W.L.

Interesting. I wasn't aware of sprechstimme, though certainly aware of the works of Schoenberg, Berg and Webern. Some of these works require work to listen to (try a performance of Lulu), but they are still performed with some regularity.

We can argue what constitutes music on another occasion, but what constitutes that subset of aural experience that will survive to be appreciated by future generations? I would argue that one distinguishing characteristic is that good music reveals previously unappreciated or unnoticed aspects each time we listen to it. With most popular music, hearing it a couple times is enough to pretty much understand it (excepting, perhaps, trying to understand the meaning of the lyrics of A Whiter Shade of Pale through a fog of one's college cohorts' marijuana :D).




Edited By Dr. John Zeigler - PEP Editor on 1186676984

PostPosted: Thu Aug 09, 2007 10:48 am
by 108-1121887355
Music is music - some will last and some may not.

I do hope that some of what my granddaughter is listening to, will not! It does reflect the times. Hopefully, times will change. There are songs with words she is not supposed to use or sing, themes of abuse, unfaithfulness, and getting back at the person... ( "I dug my keys into the side of his car" 'he will think twice before cheating on me again') Thanks but no thanks.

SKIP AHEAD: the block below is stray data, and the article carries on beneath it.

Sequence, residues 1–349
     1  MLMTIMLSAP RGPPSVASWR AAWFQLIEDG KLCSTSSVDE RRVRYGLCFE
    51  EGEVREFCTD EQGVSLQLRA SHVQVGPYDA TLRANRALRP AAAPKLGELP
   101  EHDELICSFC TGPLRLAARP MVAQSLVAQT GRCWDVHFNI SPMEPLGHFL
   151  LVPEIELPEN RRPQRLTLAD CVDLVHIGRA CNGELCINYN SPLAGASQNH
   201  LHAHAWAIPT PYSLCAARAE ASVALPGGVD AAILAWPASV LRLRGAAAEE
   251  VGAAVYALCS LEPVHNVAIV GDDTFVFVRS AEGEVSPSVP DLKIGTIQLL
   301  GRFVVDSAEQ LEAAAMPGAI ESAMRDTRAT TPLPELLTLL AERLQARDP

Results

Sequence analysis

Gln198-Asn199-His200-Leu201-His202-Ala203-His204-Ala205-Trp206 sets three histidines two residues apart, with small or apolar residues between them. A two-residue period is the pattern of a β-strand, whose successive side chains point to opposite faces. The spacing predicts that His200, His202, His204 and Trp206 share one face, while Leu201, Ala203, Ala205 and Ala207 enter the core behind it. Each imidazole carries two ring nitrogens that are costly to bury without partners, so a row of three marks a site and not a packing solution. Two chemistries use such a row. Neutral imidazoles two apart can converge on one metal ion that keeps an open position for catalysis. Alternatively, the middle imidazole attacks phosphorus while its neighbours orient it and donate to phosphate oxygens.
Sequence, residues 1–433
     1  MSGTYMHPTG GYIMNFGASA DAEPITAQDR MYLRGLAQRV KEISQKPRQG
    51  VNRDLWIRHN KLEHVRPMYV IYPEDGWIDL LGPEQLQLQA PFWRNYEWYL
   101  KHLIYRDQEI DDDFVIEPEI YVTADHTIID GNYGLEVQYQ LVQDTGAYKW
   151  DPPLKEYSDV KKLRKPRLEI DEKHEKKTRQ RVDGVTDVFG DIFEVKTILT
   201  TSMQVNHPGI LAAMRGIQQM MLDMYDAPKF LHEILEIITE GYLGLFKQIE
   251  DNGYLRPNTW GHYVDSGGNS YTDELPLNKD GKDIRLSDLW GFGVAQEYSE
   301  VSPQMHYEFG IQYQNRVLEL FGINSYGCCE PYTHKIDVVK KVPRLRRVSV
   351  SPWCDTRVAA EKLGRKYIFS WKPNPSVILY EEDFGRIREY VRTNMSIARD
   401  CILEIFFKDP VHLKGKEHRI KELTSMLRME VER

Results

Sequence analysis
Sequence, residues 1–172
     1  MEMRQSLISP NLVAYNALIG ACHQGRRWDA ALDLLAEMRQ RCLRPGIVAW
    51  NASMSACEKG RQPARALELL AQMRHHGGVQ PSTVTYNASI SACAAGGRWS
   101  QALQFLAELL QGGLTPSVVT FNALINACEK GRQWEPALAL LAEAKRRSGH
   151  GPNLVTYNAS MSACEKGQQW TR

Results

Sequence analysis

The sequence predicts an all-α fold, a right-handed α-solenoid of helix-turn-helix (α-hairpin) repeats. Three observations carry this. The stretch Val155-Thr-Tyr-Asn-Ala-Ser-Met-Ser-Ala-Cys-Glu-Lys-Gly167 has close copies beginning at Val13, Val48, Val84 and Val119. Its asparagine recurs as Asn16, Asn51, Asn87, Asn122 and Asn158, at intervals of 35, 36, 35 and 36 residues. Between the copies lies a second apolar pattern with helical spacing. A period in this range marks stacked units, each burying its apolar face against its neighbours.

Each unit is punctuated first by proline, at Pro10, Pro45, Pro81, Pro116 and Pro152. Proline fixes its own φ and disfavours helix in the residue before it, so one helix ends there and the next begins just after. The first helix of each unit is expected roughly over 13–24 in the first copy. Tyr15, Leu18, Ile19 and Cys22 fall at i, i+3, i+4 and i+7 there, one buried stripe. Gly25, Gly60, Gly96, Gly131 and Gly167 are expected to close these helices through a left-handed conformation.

My kids listened to Barry Mantilow and Billy Joel (you already know how old I am, so...). My sister was a Frank Sinatra fan and I was a big Al Jolson and Judy Garland fan plus of course, Bing and Perry and all. I loved all the music, as a singer, and also all the B'way shows. I also learned to appreciate opera in my late teens, and did standing room several times to hear "Madame Butterfly".

As a teacher of piano, I introduce my students to every type of music I can and they in turn introduce me to some. I show them the popular music that is based on 'classical', opera, operetta, and all.

I recently have begun to use the term "concert music" instead of "classical". In the days when classical was written, they were consider popular! It is confusing, when I am discussing periods of music with my students, when we come to classical, so concert music works for me.

Oh, and I consider Country music, music, Dr. L. My husband got me into it and I still sing some of the love songs and yes, the sad songs. There are some good melodies!


:p

PostPosted: Thu Aug 09, 2007 2:03 pm